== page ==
In an about turn, those same officers are now (29 May 2013) saying there IS NO obligation to renew the European citizen certificate of residence “hasta nuevo aviso” – “until further notice”.

    For those that have A4 sized green paper certificates they may wish to change to the most recent style, wallet sized green lightweight card-board residence certificate, the date of issue is in words at the bottom of both documents, just above the signature (use Google translate if you don’t know your Spanish numbers).

    My personal opinion is while it has now been confirmed there may be no obligation to renew, it may well be very convenient to do so

    • Thanks Diana, that’s pretty much how I see it. The problem is that whilst Tenerife south officials have come in line, other municipalities still haven’t – not only here on Tenerife as far as I can see – and that’s where EU residents (and Canarian locals) are faced with an almost impossible task of determining who is right. And, as I’m sure you know only too well, being right doesn’t automatically guarantee the outcome is as it should be 🙂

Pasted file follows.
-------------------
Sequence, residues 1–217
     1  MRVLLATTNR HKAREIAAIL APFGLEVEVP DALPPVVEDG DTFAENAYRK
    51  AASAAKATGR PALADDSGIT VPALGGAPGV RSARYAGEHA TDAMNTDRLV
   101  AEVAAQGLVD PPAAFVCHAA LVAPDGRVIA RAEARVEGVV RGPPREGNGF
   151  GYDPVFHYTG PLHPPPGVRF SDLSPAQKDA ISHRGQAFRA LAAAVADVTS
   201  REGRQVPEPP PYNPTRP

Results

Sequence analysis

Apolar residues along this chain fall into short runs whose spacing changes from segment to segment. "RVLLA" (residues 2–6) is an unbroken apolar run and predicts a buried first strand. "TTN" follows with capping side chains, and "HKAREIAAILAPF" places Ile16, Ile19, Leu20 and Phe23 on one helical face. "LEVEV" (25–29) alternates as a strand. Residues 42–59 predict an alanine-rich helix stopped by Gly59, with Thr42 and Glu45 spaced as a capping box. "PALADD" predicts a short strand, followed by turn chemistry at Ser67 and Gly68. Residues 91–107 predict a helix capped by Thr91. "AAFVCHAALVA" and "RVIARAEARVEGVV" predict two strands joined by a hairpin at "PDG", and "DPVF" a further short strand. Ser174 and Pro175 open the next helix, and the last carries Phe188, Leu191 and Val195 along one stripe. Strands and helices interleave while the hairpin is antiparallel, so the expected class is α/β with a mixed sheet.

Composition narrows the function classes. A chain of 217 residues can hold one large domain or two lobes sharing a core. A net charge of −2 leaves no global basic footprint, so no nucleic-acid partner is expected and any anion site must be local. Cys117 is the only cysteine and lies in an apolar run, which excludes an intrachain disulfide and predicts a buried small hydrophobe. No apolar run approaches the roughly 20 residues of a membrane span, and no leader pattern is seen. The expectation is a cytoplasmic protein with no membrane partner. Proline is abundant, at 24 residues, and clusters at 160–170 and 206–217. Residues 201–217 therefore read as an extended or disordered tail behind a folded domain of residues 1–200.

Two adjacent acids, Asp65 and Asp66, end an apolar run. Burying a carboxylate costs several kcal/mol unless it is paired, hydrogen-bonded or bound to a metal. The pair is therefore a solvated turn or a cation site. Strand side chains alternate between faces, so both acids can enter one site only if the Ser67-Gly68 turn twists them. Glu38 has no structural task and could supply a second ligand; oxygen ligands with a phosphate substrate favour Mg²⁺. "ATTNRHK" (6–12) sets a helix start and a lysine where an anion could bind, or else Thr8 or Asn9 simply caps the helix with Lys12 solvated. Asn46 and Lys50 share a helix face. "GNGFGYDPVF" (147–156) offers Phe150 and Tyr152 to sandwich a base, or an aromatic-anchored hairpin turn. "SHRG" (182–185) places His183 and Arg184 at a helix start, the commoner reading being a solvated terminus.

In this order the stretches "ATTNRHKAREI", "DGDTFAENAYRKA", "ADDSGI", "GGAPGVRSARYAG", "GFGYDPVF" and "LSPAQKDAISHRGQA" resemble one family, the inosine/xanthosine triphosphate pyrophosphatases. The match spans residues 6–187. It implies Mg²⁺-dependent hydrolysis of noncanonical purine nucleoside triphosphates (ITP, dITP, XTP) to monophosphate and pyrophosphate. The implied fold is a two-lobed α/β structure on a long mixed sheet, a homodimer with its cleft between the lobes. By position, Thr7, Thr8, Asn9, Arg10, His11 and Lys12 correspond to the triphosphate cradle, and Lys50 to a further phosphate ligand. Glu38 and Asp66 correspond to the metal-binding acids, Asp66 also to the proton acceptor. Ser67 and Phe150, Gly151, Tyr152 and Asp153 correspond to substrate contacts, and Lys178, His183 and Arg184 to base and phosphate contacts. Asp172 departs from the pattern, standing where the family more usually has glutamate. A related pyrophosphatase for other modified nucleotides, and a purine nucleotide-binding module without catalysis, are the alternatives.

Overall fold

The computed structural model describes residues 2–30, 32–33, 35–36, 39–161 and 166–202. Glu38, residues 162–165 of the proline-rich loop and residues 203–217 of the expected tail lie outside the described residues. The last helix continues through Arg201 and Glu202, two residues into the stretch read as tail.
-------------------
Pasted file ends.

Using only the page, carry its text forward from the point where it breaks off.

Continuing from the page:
We were also more or less advised “hasta nuevo avisos” – the funcionarios have been round this block many times and know exactly how fluid laws and practices can be.

      Your advice seems pragmatic to me.

  4. Be careful of the island of Tenerife, especially where a lot of tourists are concentrated groups.Etc. 2016.02.15-2016.02.25 we vacationed Tenerif?je.Ir Masca village was stolen wallet with documents and bank cards, and of course money, how much trouble back when no doc. and money.Ten this is happening systematically and continuously, as you can see on the roadsides of discarded empty wallets,money bags. GPS: 28 ° 18’18.5 “N16 ° 50’24.6” W